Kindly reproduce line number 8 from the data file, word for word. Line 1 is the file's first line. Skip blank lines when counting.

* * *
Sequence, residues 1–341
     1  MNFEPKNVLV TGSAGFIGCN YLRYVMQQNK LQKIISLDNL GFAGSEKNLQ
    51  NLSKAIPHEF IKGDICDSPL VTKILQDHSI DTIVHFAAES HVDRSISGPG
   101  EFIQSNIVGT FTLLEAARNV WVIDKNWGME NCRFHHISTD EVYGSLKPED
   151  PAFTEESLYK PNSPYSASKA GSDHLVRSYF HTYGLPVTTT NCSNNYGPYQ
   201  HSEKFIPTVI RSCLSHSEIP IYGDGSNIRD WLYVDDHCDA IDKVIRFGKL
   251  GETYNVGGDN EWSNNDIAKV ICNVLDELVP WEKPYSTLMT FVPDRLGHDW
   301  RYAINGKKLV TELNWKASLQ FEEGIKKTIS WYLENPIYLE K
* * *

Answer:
   301  RYAINGKKLV TELNWKASLQ FEEGIKKTIS WYLENPIYLE K